The Importance of Being Earnest
Oscar Wilde was a beast when it came to wordplay. Oh, maybe that's why Shmoop loves him so much—we're pretty wilde, too.
|Author||Wilde - Oscar Wilde|
|Themes||Foolishness and Folly|
Lies and Deceit
Respect and Reputation
Society and Class
Versions of Reality
characters. Sort of.
Best buds Jack and Algernon <Al-jer-non> have a lot in common. They’re both rich, they’re
both in love, and they both make the same lame-brained mistakes.
Exhibit A: Jack creates a fake brother named “Ernest,” as a handy alibi for weekend
Exhibit B: Algernon also pretends to be Ernest, so he can meet ladies.
Which brings us to Exhibit C: Jack and Algernon’s better halves end up thinking they’re in
love with the same man… Ernest. Having a little trouble keeping the characters
Yeah, us too.
Did Oscar Wilde just copy and paste the same character?
Why does he make Jack and Algernon so similar? Maybe it was for comedic effect.
Algernon and Jack don’t take any bowling balls to the family jewels, but they still
manage some Youtube-worthy gaffes.
Plus, they’re both big on talking, which is an excuse for Wilde to whip out his witty
Wilde really enjoys a good farce.
Jack and Algernon’s shenanigans include fighting over pastries, flirting with each
other’s female relatives, and that whole “fake person” scam.
One “Ernest” is pushing it, but here we’re talkin’ a seriously, Ernest-happy alternate
universe. Or maybe Wilde was trying to say that one
of these things is NOT like the other.
Jack and Algernon seem like twin BFFs, but when they argue, we see that each is crazy
in his own special way.
Sure, Jack invented an imaginary sibling to help him escape responsibility, but at least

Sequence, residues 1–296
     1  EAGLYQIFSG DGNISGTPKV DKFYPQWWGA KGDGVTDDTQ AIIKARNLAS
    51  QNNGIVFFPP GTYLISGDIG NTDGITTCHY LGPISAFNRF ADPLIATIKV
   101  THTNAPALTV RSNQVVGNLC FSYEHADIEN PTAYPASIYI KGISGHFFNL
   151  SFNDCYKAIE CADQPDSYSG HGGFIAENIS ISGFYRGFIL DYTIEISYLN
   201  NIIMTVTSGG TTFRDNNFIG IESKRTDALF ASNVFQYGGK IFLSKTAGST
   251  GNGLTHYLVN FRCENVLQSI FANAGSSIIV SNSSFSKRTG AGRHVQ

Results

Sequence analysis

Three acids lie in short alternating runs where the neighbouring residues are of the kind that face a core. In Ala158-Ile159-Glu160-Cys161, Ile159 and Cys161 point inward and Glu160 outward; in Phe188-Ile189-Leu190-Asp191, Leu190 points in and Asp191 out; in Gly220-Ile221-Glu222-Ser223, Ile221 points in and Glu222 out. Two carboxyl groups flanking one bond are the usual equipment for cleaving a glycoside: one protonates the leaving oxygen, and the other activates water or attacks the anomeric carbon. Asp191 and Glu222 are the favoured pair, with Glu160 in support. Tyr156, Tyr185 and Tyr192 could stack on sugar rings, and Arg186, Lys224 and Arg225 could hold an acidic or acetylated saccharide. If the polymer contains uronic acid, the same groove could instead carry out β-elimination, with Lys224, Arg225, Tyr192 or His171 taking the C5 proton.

he worries about the future. Algernon? Not so much.
And while Jack tries to look like a role model, Algernon concentrates on looking sharp. And
Algernon and Jack are foils for each other—and we don’t mean the kind you use to cover
More like the compare/contrast kind. With less ricotta.
Here’s a third perspective… maybe Wilde cloned his characters to make a statement
about the snobby Victorian upper classes… it’s not you, it’s them.
Names are everything in this play. “Ernest” is much less attractive when he turns out
to be plain old Jack and/or Algernon. Well, okay, Algernon’s still pretty fancy.
And Jack could be Brad Pitt for all Lady Bracknell cares… if he wants to marry Gwendolen, he’d
better scrounge up a family tree to prove his worth. …
A handbag isn’t going to cut it.
It also helps if you’re made of money. Lady Bracknell isn’t super-thrilled with Algernon’s
fiancée, Cecily, until she hears that cash cowbell.
No one in this play seems to care too much about personality.
It doesn’t matter if Jack cuts in line at Disneyland, and Algernon finally buys that
puppy-kicking machine… money and pedigree will get them what they want.
So why did Wilde make Jack and Algernon almost-but-not-quite the same?
Is he aiming for our funny bones?
Is he a fan of the foil?
Or is he picking a fight with British society?
We earnestly want to know.
Shmoop amongst yourselves.